These last few days I've been traveling through the northern mountains just outside of Jinotega in Nicaragua with Ben Weiner of Gold Mountain Coffee Growers. Ben has his own farm called Finca Idealista but now spends most of his time working to export his neighbors coffee. Ben runs one of the most reputable, community minded, and sustainably driven businesses I've ever seen. He finds the best coffees around and is completely changing the way these producers farm and even incentivises them for their initiative and success to encourage even more growth.
These are his neighbors' stories.
I've had the pleasure of tasting, buying, and serving Don Santos' coffee before meeting him. Last year I bought one of his lots for Honest Coffee Roasters. It was one of the cleanest and most vibrant Nicaragua coffees I've ever tasted! So, needles to say I was incredibly excited to meet Don Santos... He immediately greeted us with a warm, ear to ear smile and comforting hand shake. After a quick introduction to his family, he gave us a tour of his farm highlighting his wet mill (where he depulps all coffee with a hand crank mill), his water source (a dammed up stream on his property), and the high point on his farm where on each side of a lane cut through the coffee trees he has Yellow and Red Catuai coffee tree varietals. The red catuai ripens to the normal red color while the yellow catuia ripens to a deep yellow color. When I asked him why he plants these two varietals across from each other, he said his simply likes to walk down this one path and see red on one side and yellow on the other! Don Sanots lives in an incredibly remote place in the highlands surrounded by rainforest, he just got electricity to his home and farm one year ago! He has 10 children and wants more! He was certainly one of the most memorable people I met on this trip!
Some of the most under-celebrated people in the supply of coffee are wives of coffee farmers! Women like Areli work just as hard as their husbands... Areli gets up around 2am each day there are workers in the field to feed them each 3 hearty meals. Whether it's the coffee harvest, potato planting, or carrot fertilizing, the work is ceaseless and women like Areli make it possible. It was amazing to hear Areli's perspective as a coffee farmers wife. I am the first to admit that I've been guilty of not seeking out the woman's' perspective in coffee growing. It was both humbling and inspiring to hear Areli's perspective. Never have I met a person with such a hard work ethic, who saw everything in an absolute positive way.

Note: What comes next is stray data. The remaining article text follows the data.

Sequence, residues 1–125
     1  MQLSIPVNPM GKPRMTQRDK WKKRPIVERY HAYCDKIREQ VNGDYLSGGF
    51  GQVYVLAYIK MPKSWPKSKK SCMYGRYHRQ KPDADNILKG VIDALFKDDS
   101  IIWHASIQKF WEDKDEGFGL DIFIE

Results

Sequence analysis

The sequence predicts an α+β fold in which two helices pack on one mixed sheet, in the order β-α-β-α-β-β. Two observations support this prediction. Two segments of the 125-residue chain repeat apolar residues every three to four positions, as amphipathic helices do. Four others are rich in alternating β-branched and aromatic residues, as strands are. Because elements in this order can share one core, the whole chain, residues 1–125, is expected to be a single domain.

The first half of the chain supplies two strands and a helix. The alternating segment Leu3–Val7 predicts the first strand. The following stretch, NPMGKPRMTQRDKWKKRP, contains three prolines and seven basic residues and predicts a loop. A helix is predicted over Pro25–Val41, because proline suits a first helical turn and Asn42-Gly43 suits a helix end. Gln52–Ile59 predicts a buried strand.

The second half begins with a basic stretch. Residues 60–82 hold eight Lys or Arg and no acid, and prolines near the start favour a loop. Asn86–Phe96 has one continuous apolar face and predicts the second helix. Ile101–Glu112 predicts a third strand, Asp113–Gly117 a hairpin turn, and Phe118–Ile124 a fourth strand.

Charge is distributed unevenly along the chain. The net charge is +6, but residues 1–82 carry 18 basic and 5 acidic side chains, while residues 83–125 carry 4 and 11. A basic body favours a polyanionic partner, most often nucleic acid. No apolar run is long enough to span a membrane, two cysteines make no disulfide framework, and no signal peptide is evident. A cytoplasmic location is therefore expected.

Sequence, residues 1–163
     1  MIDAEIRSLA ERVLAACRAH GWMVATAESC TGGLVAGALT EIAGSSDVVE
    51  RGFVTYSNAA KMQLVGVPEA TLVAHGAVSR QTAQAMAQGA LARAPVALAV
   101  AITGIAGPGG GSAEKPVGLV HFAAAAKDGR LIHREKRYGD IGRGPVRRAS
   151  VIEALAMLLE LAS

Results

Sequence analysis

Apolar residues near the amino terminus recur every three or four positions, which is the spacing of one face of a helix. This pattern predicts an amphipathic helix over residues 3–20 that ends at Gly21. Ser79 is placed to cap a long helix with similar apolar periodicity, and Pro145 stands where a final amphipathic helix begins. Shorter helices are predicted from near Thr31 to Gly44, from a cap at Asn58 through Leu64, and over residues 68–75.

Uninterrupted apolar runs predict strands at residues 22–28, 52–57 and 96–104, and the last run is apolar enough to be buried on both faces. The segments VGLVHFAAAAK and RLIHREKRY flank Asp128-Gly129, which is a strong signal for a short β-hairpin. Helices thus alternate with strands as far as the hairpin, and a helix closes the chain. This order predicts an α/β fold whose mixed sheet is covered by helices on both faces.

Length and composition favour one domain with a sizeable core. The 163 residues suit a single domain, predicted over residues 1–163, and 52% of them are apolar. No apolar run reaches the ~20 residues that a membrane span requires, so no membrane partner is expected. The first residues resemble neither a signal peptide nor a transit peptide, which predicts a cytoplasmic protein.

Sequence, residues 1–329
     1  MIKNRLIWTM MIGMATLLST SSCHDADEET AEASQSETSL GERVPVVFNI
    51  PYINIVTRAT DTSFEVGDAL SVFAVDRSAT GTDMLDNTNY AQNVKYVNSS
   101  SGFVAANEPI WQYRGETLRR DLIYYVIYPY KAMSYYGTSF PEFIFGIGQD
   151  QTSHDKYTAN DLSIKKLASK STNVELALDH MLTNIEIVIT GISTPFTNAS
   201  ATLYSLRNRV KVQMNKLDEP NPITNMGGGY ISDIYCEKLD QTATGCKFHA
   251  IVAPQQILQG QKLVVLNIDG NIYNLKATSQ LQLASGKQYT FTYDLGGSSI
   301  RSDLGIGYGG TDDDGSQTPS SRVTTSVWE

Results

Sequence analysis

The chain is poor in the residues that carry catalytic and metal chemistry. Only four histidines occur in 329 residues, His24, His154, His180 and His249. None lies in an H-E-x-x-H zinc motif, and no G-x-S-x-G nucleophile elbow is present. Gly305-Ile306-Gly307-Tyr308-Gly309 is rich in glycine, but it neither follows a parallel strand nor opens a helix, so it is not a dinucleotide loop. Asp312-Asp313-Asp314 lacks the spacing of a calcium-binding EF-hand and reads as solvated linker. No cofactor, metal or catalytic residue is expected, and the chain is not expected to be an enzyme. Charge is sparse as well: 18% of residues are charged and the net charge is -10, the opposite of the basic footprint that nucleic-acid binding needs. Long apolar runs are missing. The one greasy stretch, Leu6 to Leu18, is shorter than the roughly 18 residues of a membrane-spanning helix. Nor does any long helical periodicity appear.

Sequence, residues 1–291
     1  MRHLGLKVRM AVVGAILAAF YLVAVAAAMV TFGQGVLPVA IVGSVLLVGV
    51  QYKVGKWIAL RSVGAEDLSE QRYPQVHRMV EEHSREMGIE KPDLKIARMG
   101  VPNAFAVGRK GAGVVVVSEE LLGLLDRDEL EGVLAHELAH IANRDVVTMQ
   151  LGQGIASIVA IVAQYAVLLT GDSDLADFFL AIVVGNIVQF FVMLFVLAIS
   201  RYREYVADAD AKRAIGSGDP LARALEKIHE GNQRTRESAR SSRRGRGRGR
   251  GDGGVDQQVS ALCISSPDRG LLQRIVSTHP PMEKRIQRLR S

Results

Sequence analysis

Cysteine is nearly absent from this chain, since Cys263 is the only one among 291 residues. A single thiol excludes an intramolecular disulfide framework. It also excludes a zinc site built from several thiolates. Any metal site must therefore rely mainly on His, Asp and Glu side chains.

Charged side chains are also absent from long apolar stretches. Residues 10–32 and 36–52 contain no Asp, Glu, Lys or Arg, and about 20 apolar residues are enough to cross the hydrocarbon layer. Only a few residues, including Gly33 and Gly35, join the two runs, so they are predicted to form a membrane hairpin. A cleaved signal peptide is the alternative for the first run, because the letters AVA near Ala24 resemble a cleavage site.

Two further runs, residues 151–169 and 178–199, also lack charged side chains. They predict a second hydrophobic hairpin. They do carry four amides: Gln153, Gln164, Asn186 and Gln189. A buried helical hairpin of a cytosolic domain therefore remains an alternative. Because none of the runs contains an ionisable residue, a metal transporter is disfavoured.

Aracely & Juan Carlos
We met Juan and Aracely in their home just as the sun was setting, and their hospitality and welcoming smiles were refreshing. What struck me most about meeting them was the fact of how amazing it is to have a culture where people drop everything to welcome strangers into their home unexpectedly. Juan and Aracely are about 23 years old and have one child. They met a few years ago working the harvest on a nearby farm. Four years ago when Jaun's father passed away - Juan assumed duties on the farm and has been running it since! Juan has recognised the value of working to produce better quality coffee rather than just a higher quantity of coffee and he's earned quality premiums through Gold Mountain Coffee year after year for his great coffee.
Don Manuel's farm is just up the hill from his father-in-laws farm, Don Sabino. For the last 2 years, Don Manuel has grown some of the best natural pacamara coffee I've ever tasted. We talked for about an hour and learned that Don Manuel is seeing a huge benefit in expanding his coffee harvest each year. Currently Don Manuel grows a variety of crops on his farm and because of the quality focus of Gold Mountain Coffee he's been able to get more for his coffee and in turn focus more on producing high quality coffee and less on his other cash crops. It's great to see farmers being inspired to grow quality coffee and then giving even more attention to their coffee crop... this is how innovation happens!
Don Sabino was the first farmer we met in Nicaragua. He was welcoming and very willing to share anything about his farm. He pointed out several things on his property and entertained all of our questions at length. He took the time to explain a great deal of Nicaragua's history and how he ended up on the land he now farms. We talked about the cicadas on the trees and the new varieties of coffee he's planting. One of the most impressive things we learned just as we were leaving was that Don Sabino ventured down to his farm from his house for the first time in 8 days just to welcome us. He hurt his back a while ago and was unable to make it to the farm, but muscled through just to welcome us visitors to his farm!
Don Isidro was an absolute pleasure to meet. One of the most striking things about him is that he uses almost all the profit he generates from his farm to reinvest back into his land. Recently he built a large retaining wall to hold his compost in one place so it can properly break down into fertilizer. Before, the compost had been sliding down a hill and into a stream. Don Isidro realized this was a problem and decided to do something about it. This then sparked a discussion with Ben from Gold Mountain about how every little act to save the environment or improve it makes a ripple in the wave of change. It's important to work with those who value these little things and take the initiative to implement change. We're excited to know Don Isidro and to be reminded to do those little things that no one notices!